Aguinaldo’s findings have been presented internationally at several major conferences, including the American Society of Biomechanics meeting in Rochester, Minn., in August 2018 and the World Congress of Biomechanics meeting in Dublin, Ireland, in July 2018. He also recently published an article, “Segmental Power Analysis of Sequential Body Motion and Elbow Valgus Loading During Baseball Pitching: Comparison Between Professional and High School Baseball Players,” in the Orthopaedic Journal of Sports Medicine. Part of the reason Aguinaldo’s research is receiving attention is because, he says, using mechanical energy flow to do energy and power analysis is a newer method for baseball. Recent advances in technology have made what he is doing possible.
Being at the forefront of this kind of technology-based research is a significant asset for students in the M.S. in kinesiology program. Due at least in part to their research together, one of Aguinaldo’s former students, Eric Burger (B.S. 17, M.S. 18), recently landed a sports science internship with the Tampa Bay Rays. Burger will be working with the major league team for spring training and then spend the rest of the baseball season working with the Rays minor league pitchers.
“Sports science is going to be big,” Burger said. “I can’t wait to learn and keep perfecting it.”
The Rays internship came after Burger accompanied Aguinaldo to Major League Baseball’s Winter Meetings in Las Vegas. That’s where he interviewed for the internship. Burger’s work with Aguinaldo and his prior biomechanics internship at the Cedar-Sinai Kerlan-Jobe Institute, which he began for credit before he finished his master’s and continued with after, helped land him the opportunity.
“I wouldn’t have been able to do anything without Arnel,” he said.
One of Aguinaldo’s current master’s students, Gretchen Hoffmann (15), is working with him on the next stage in their research for her thesis project. Based on what they have found so far about valgus elbow load, they are now investigating whether a balance intervention program can produce useful changes in pitching biomechanics. PLNU’s Susan Ganz, Ph.D., ATC, professor of kinesiology, designed the balance program.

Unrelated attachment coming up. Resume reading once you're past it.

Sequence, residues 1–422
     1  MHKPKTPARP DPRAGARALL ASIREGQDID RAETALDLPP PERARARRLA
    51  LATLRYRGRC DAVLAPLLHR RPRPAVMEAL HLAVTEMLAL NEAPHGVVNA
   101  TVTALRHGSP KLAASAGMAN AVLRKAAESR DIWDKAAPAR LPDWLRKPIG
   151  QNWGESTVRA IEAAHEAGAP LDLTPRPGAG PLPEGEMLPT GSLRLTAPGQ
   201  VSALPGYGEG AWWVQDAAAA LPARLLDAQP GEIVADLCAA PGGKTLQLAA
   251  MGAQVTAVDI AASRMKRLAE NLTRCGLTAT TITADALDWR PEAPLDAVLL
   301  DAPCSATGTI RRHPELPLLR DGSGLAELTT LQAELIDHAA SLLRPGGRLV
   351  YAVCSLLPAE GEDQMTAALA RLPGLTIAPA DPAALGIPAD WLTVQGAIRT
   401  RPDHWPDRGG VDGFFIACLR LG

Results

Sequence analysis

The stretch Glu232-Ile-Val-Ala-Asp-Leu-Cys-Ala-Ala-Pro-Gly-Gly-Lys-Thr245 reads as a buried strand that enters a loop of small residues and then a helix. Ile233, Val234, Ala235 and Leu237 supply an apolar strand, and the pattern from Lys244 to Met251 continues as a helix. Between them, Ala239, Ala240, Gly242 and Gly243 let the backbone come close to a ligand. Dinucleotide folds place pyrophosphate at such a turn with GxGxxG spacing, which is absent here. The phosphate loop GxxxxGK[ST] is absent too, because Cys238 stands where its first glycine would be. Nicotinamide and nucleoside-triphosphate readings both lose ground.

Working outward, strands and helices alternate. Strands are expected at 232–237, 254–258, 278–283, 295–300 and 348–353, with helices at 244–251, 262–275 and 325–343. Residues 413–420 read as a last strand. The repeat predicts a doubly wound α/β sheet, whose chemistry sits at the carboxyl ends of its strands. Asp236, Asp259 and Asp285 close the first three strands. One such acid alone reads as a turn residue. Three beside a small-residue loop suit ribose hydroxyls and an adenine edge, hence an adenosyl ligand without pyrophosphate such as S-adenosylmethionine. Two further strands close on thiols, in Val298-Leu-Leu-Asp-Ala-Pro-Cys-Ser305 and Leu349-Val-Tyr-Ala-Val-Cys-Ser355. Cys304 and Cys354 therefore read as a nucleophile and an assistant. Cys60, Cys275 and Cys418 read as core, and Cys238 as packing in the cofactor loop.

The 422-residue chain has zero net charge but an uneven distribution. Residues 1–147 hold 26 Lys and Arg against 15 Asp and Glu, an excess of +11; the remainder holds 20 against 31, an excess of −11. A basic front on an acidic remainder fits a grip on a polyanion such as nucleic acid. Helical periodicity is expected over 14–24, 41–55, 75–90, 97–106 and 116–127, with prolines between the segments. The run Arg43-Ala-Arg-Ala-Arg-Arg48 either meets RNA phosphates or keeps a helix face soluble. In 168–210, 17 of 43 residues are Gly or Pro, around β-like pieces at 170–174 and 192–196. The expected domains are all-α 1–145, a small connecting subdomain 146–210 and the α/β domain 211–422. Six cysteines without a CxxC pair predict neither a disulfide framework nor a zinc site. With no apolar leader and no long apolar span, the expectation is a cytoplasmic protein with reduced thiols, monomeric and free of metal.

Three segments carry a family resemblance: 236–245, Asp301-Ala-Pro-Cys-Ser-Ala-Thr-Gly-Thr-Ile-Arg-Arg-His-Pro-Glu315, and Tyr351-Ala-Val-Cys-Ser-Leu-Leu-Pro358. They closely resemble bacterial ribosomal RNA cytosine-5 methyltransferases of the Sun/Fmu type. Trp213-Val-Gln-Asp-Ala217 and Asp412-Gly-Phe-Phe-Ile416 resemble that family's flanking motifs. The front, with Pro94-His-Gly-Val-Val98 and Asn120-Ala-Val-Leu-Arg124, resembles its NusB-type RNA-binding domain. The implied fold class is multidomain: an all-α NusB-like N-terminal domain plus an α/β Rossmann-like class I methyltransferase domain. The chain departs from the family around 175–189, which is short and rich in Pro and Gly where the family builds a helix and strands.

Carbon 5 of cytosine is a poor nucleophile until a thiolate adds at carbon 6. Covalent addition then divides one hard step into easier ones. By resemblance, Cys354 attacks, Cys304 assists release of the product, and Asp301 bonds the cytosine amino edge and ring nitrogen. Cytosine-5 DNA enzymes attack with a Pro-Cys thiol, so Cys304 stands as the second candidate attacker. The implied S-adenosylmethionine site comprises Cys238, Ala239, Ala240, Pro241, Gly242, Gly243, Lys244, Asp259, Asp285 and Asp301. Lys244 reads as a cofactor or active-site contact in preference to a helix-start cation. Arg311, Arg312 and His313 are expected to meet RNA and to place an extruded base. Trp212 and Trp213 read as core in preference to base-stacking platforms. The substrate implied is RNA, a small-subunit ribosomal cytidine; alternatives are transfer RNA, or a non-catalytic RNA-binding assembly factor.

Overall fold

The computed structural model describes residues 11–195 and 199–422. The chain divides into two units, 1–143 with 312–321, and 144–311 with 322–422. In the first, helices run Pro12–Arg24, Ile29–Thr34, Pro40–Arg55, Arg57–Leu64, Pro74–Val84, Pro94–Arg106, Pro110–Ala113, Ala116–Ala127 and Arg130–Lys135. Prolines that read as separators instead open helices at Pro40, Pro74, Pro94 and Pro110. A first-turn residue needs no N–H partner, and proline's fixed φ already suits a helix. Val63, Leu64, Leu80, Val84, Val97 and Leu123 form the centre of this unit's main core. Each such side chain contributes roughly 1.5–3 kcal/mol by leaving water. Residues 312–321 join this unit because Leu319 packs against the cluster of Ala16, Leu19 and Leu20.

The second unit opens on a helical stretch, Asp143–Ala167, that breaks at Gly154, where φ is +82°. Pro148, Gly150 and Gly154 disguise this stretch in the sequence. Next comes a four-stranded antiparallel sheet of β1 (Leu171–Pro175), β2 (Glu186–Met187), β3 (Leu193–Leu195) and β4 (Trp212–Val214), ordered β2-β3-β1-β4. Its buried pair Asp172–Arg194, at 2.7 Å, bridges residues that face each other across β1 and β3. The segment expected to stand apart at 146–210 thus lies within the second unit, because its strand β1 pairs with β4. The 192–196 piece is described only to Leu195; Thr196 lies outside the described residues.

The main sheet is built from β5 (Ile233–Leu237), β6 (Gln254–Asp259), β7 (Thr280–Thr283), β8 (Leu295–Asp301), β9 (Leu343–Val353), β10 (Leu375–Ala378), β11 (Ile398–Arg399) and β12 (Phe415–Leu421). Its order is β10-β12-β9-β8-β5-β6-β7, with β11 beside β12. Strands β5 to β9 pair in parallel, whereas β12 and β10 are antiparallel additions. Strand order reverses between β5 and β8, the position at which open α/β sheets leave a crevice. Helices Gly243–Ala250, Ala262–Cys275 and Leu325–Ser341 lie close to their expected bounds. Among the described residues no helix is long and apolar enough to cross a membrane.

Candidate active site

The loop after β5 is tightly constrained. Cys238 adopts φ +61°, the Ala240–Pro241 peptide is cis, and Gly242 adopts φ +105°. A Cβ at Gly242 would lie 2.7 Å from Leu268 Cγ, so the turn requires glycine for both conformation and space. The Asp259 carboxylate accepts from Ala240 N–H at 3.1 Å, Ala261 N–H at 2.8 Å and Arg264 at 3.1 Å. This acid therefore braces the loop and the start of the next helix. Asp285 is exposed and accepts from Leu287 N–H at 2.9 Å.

“We hypothesize that balance training will lower risk and optimize performance,” Aguinaldo said. “If we strengthen the trunk, we may see greater dynamic stability during the pitch.”
For Hoffmann, who also earned her undergraduate degree at PLNU, hands-on research experience was a draw to come back and earn her master’s. She also appreciates working with experienced faculty like Aguinaldo and having opportunities to network and meet people in the field.
“The faculty-student relationship is really great at this university,” said Hoffmann, who hopes to work in biomechanics, ideally in baseball, when she graduates.
Aguinaldo has taught at PLNU since 2013 when he started as an adjunct. He previously worked at SDSU as an adjunct professor and ran the motion analysis laboratory at Rady Children’s Hospital. In addition to pitching, he has used biomechanics to do walking and running gait analyses and to help patients with cerebral palsy. His doctorate is in health and human performance.
As Aguinaldo and his students continue their work, they know it has the potential to benefit not only their own careers but also the professional and personal careers of baseball athletes everywhere.